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Uncertainty Over How Much LNG UK Will Receive This Winter

The amount of liquefied natural gas (LNG) the UK will receive over the winter months is uncertain, according to the latest reports.

Concerns about supply and delays to plants restarting after outages are affecting power supplies and causing tension, Reuters reports. What’s more, wholesale gas prices are predicted to remain at elevated levels over the colder season, the article suggests - earlier this year gas prices rose to levels last seen in 2015.

Last year, a number of nuclear reactors were halted to allow for safety inspections, which created a shortfall of power supplies. This, in turn, increased demand for gas from British operators.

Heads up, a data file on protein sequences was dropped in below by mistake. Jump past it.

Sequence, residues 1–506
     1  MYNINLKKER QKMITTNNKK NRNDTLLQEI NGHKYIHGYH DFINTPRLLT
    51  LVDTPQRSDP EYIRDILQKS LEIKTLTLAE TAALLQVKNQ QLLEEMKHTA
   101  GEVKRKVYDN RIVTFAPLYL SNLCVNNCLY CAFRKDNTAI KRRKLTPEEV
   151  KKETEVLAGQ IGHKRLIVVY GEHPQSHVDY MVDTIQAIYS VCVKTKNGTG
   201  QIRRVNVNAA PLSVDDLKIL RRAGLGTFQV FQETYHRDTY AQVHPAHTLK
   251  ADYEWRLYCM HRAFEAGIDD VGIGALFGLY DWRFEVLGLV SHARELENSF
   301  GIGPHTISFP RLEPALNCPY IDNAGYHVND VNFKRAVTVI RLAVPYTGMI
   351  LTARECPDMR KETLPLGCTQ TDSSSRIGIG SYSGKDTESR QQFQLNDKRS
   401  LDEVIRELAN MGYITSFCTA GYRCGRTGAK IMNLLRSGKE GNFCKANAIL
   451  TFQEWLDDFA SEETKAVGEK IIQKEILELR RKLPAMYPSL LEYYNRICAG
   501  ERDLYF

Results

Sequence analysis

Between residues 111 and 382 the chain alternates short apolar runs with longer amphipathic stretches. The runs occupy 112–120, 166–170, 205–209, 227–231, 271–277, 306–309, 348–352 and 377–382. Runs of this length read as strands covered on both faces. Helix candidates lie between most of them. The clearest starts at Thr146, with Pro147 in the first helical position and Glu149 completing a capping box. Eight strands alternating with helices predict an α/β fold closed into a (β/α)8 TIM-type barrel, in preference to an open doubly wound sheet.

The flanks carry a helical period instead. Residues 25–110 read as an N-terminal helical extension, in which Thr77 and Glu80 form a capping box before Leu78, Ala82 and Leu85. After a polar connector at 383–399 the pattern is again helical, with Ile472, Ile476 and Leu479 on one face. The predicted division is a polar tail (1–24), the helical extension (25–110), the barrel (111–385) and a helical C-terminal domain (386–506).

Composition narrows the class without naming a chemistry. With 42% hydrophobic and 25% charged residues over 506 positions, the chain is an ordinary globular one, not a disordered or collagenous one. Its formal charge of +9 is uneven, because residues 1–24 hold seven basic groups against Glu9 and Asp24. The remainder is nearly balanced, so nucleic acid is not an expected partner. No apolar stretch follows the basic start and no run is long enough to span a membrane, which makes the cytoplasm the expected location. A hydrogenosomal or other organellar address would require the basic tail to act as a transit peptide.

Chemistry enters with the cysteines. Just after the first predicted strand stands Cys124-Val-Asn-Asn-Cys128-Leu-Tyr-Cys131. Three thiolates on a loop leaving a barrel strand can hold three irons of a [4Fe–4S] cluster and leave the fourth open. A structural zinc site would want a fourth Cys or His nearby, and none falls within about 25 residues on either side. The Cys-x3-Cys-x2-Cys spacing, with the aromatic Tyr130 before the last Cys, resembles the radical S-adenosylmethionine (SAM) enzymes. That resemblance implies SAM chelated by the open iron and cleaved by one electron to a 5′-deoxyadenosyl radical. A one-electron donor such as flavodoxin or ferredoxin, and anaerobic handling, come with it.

Recently, there have been several nuclear power plant outages in Norway and in France, more than were expected, commented Trevor Sikorksi, head of natural gas, coal and carbon research at Energy Aspects.

“In October and November we could see similar levels of nuclear outages and again that could lead to reasonably low (power supply) levels so there could be a repeat of what we saw last year,” he told the news agency.

In countries like Spain, Italy and France, wholesale gas trading prices to northwest areas of Europe are high as the region has become more reliant on imports. However, prices are still lower than those of Asian LNG, the article claims.

Stocks of LNG at the Isle of Grain in the UK, at Gate in the Netherlands and at Zeebrugge in Belgium are high but traders are assuming most of these volumes will be bound for Asia to meet Chinese demand.

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